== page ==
I love the Game Pad, it made menu and map navigation so smooth and intuitive in many titles (particularly Zelda) but the gyro motion controls left a lot to be desired. The worst application of gyro controls is evident in Star Fox Zero but there were few instances where it worked like a charm; Splatoon was one of them, but a case where it seamlessly blended into the game design and flow was in a little special gem called Captain Toad: Treasure Tracker.
This began life as a mini-game in Super Mario 3D World, taking control of Captain Toad to collect Green Stars in isometric cubic worlds that required the use of Game Pad gyro camera to fully view and navigate. These mini-games were something I looked forward to and it was almost too generous to include an independent side quest given how amazing Super Mario 3D World already was in of itself. Nintendo too saw that these Captain Toad missions were such inventive, intuitive, and above all, fun puzzle platforming segments that they went a ahead and made an entire game out of it, and what a charming, wholesome, and utterly joyous game Captain Toad: Treasure Tracker ended up becoming.
The puzzle and level design was so organic and challenging that not once did I have to look up a guide or video on how to solve some of the stages. The gameplay variety kept things fun and interesting, including the customary mine cart shooting segments that made great use of the Game Pad’s gyro camera. The boss battles were really colorful and interesting given that you took a strictly defensive approach. Above all, the visuals were simply magical and joy-inducing. Captain Toad: Treasure Tracker personifies the creative ingenuity of Nintendo, and is easily one of the distinguished highlights of the Wii U library.
The girls I’ve dated in the past had never the interest in video games…or in pop culture…or in anything that I actually enjoy. It wasn’t an issue then, and to be honest it isn’t an issue now, but being with my most recent partner has opened me up to a world I never once knew; the world of shared experiences. Getting the Wii U wasn’t the biggest decision for me; I had no home console at the time, and I wanted to play Earthbound once more, so I saved my money and purchased myself a unit. It wasn’t until the release of NIntendo’s newest IP, at the time, Splatoon, that I was able to truly appreciate what the machine had to offer. This game was right up my alley; funky tunes, and urban setting, hip-hop/skater fashion, and a fun gimmick; painting. Splatoon on its own was great, but it was only in my ability to share my love for it that I was able to gain so much more. My partner saw me watching a gameplay trailer of Splatoon and bought her very own Wii U soon after. She was enamoured, and so was I, and it was then that we were able to truly come together in a way that I personally never had the chance to before.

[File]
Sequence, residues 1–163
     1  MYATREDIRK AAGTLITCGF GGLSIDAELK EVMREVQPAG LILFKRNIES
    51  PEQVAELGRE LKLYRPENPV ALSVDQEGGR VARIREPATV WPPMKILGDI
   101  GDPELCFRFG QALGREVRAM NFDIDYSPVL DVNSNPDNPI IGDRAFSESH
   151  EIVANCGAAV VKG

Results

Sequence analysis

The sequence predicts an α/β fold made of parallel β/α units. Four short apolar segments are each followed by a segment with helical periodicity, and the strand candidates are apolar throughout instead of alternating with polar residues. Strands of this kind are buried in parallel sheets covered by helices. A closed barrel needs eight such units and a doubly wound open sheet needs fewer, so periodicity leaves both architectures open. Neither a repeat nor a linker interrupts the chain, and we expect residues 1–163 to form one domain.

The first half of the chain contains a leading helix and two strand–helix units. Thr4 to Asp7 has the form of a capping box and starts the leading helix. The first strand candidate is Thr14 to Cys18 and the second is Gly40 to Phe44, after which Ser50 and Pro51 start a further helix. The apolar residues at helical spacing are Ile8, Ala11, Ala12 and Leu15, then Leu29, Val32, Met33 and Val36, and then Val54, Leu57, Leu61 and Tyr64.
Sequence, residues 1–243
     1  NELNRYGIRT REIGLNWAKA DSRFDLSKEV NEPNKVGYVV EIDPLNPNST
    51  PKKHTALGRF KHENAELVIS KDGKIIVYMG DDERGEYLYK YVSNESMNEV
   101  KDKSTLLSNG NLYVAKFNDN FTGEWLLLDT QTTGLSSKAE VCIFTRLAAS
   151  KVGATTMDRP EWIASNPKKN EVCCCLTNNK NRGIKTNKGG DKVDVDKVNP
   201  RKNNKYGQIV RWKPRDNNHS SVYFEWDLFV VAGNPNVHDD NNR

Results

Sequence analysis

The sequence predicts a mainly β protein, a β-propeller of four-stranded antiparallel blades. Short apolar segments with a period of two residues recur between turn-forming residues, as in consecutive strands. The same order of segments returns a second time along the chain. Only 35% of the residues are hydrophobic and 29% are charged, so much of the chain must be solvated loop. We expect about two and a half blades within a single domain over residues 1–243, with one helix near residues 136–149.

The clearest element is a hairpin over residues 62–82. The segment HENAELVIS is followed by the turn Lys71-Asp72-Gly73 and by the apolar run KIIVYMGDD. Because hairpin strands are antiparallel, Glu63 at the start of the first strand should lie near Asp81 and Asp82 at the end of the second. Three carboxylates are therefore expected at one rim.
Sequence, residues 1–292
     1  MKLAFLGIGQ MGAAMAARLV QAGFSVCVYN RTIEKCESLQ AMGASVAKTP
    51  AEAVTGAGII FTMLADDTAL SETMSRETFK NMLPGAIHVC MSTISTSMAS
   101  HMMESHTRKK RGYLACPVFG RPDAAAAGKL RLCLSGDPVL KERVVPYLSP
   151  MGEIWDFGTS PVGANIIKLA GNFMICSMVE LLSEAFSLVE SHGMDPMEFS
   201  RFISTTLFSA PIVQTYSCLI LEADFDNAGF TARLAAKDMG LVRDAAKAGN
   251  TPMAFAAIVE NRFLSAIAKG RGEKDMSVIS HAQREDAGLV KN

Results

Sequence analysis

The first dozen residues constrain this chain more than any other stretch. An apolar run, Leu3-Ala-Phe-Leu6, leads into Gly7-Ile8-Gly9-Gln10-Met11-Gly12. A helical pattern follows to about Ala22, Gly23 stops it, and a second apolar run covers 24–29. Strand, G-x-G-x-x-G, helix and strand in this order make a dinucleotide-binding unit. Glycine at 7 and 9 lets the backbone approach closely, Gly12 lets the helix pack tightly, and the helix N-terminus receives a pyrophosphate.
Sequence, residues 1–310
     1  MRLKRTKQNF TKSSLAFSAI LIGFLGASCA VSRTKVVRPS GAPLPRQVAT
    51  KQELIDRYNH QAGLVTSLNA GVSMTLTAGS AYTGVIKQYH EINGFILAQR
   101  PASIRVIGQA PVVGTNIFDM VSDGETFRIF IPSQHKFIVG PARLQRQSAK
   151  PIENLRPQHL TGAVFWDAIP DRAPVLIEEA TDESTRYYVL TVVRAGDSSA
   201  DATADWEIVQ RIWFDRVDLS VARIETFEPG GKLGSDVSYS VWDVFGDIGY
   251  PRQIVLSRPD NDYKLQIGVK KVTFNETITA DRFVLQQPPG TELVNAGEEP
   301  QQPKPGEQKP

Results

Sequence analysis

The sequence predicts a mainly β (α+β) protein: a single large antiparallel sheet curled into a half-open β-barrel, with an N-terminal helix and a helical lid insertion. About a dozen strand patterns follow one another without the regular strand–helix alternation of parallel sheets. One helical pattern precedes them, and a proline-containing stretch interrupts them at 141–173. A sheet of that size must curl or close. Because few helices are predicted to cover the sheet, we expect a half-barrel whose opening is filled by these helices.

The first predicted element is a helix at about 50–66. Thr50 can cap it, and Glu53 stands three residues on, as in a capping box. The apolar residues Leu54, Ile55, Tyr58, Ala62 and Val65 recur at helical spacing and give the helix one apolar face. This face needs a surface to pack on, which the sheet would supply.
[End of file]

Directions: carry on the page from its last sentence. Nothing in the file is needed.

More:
We would sign ourselves up for the closed beta, wait in line for the open, we both took the day off work to purchase the game on release and we played against one another night after night. Not only that, the other SnapThirty crew mates also had the game, and all of us together made one hell of an unbeatable team. THIS, to me, was why I love Splatoon so. Not only was I able to find more common ground with my love, but I was able to share so many moments with my best friends. There was no yelling, there was no frustration, there was no thirst for victory, there was just…fun. Whether it be comparing clothes, showing off new weaponry, fighting with each other, or even battling against one another, Splatoon just proved to be great fun day after day after day.